The exile was the most devastating event in the history of Israel. It shattered the popular though misguided notion that God’s election of Israel as a nation, Jerusalem as His city, and the temple as His dwelling place guaranteed the Jews’ ultimate invincibility.299 After 70 long years in exile, the initial fulfillment of God’s promises to restore His people had no doubt rekindled hope for the total restoration of Israel, including her independent sovereignty and spiritual renewal. The Returnee’s expectations must have soared as they heard messianic prophecies of Judean world dominance300 and watched the rebuilding of the temple. Yet, for Ezra’s audience, 80 some years had passed since the initial return, and more than 50 years lay between the completion of the temple and their own time. Rather than ascending into a position of prominence, they had continued to experience hardship and oppression. Politically, they were little more than a small province in the vastness of the Persian empire.301 Artaxerxes had recently ordered their work on the city walls to stop, and the order was carried out forcibly (4:23 ), setting their efforts back virtually to square one.302 With Ezra’s return had come the discovery that the very sin that precipitated the Exile was again spreading like a cancer among them. The radical nature of the solution, regardless of its necessity, must have created waves throughout the whole province. In circumstances conflicted by social tensions, economic uncertainty, religious aspirations, and harsh political realities, Ezra’s audience may well have wondered if God had forgotten or abandoned them.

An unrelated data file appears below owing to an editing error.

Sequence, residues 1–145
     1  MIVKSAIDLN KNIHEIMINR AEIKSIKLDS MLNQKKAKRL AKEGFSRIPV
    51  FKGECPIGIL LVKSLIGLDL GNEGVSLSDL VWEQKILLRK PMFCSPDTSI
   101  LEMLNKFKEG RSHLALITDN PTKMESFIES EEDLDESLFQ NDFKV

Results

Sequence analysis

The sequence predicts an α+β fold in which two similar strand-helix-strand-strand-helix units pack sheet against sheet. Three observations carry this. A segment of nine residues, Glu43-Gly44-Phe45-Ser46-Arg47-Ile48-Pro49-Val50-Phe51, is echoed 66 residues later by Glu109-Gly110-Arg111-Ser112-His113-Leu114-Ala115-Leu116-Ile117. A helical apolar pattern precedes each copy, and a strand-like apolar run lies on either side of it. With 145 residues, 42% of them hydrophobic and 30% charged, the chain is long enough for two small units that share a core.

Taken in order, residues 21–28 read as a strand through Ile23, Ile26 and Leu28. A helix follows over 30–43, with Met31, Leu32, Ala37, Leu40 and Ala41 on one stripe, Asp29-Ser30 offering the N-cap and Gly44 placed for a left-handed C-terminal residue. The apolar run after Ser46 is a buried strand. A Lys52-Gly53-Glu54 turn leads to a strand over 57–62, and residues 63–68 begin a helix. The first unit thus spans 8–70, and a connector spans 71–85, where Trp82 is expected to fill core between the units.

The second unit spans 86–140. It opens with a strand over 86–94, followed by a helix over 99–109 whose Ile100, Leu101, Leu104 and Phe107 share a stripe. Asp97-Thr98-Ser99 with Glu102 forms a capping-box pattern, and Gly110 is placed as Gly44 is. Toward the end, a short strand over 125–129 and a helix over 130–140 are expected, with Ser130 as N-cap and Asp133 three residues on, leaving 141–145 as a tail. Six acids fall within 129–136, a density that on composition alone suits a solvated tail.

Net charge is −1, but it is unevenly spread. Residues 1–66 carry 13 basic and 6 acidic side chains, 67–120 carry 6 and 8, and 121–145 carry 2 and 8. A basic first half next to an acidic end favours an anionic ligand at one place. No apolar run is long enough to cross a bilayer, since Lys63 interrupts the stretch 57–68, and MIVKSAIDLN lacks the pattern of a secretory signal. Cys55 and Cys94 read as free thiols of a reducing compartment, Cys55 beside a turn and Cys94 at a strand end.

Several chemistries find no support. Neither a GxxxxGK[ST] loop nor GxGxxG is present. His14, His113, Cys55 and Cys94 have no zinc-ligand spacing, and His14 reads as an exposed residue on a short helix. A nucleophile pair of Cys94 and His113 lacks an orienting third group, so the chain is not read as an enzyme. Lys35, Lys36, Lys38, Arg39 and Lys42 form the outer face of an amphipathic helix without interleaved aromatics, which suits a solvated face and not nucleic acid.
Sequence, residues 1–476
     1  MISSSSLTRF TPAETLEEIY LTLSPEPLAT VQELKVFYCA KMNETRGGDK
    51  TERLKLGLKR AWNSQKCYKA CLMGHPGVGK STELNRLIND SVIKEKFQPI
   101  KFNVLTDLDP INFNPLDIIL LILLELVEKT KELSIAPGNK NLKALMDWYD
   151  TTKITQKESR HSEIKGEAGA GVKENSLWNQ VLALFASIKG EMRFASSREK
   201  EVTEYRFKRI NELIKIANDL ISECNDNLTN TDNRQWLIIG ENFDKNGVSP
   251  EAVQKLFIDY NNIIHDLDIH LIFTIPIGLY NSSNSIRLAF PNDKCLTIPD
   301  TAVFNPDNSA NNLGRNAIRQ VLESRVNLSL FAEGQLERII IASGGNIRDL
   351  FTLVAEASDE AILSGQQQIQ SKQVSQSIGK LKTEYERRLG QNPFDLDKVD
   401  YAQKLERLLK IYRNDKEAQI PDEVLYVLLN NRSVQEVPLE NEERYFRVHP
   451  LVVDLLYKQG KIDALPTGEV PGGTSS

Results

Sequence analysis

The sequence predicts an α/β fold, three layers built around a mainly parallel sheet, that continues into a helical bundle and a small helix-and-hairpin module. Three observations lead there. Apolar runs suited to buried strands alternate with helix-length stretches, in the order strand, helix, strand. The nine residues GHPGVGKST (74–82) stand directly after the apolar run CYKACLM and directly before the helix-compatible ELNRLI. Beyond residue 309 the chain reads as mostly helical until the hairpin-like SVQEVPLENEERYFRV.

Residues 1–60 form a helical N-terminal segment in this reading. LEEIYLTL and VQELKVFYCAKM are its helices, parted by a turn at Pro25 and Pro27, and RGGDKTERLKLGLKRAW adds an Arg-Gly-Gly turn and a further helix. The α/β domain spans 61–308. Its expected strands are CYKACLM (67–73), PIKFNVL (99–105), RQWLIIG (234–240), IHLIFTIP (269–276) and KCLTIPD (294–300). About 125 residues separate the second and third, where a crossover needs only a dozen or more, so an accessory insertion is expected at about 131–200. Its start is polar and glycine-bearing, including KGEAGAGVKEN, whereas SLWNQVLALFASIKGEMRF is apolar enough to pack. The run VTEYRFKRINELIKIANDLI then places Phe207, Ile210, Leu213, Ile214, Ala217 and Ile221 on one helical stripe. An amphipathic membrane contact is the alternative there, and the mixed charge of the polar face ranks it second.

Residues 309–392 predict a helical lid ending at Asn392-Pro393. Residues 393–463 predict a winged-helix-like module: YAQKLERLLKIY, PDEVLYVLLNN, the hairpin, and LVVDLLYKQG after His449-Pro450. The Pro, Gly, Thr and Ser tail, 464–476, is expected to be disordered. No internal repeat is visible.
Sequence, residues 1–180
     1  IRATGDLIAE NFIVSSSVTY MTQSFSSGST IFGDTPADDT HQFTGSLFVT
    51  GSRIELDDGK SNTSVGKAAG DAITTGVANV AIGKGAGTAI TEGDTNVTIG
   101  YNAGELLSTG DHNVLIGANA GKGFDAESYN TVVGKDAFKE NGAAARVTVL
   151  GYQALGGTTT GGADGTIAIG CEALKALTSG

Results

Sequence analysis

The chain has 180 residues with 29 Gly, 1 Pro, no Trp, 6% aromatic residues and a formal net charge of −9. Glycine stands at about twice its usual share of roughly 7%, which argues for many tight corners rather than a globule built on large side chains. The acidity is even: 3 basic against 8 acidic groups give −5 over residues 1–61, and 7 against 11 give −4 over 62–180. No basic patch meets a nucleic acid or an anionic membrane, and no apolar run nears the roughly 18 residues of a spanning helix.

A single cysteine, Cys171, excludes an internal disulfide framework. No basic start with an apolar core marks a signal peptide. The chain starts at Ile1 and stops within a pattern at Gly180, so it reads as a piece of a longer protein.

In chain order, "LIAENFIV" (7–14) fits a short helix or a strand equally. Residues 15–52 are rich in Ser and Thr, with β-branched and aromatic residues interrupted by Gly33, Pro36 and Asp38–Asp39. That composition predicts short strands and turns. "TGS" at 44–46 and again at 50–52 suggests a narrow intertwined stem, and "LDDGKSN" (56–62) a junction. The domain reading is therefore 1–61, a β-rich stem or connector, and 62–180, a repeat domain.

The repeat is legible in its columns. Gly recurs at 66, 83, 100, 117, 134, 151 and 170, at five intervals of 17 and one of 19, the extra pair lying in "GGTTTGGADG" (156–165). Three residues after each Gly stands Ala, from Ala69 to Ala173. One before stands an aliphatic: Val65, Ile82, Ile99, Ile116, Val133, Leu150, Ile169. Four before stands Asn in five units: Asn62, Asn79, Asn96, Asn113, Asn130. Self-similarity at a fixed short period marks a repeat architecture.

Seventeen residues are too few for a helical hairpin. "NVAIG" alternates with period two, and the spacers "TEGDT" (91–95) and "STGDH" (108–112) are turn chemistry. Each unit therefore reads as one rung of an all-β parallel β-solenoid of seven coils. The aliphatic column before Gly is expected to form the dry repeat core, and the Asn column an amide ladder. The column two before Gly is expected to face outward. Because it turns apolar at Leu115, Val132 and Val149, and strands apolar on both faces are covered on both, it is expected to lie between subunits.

The Book of Ezra addresses this troubled milieu, not by proposing direct solutions, but by offering a renewed awareness of God’s immanence.303 If the narrative says anything, it says that God is still there, and He is neither still nor silent. The God of their fathers, who had spoken through Moses (7:6 ), through His servants the prophets (9:11 ), and through Jeremiah (1:1 ), had recently spoken to them through Haggai and Zechariah (5:1 ). Accompanying His words were His deeds. The God of Heaven who, enraged by their sin (5:12 ), had delivered them over to Nebuchadnezzar (9:7 ) is the same God who had not forgotten them in their captivity (9:9 ) but had preserved and revived them (9:8 ). It was He who had stirred Cyrus and appointed him to rebuild His house (1:1-2 ), stirred the hearts of the Returnees (1:5 ), intervened on behalf of His people (5:5 ), caused His people to rejoice (6:22 ), turned the heart of Darius (6:22 ), put the desire in Artaxerxes’ heart to beautify His house (7:27 ), extended favor to His servants before the Persians (7:28 ), heard His people’s prayers, and delivered them from danger (8:23 , 31 ). Ezra’s point can hardly be mistaken. God had not abandoned them. He had not relegated them to history’s rubbish heap. He was still at work in His world on behalf of His people.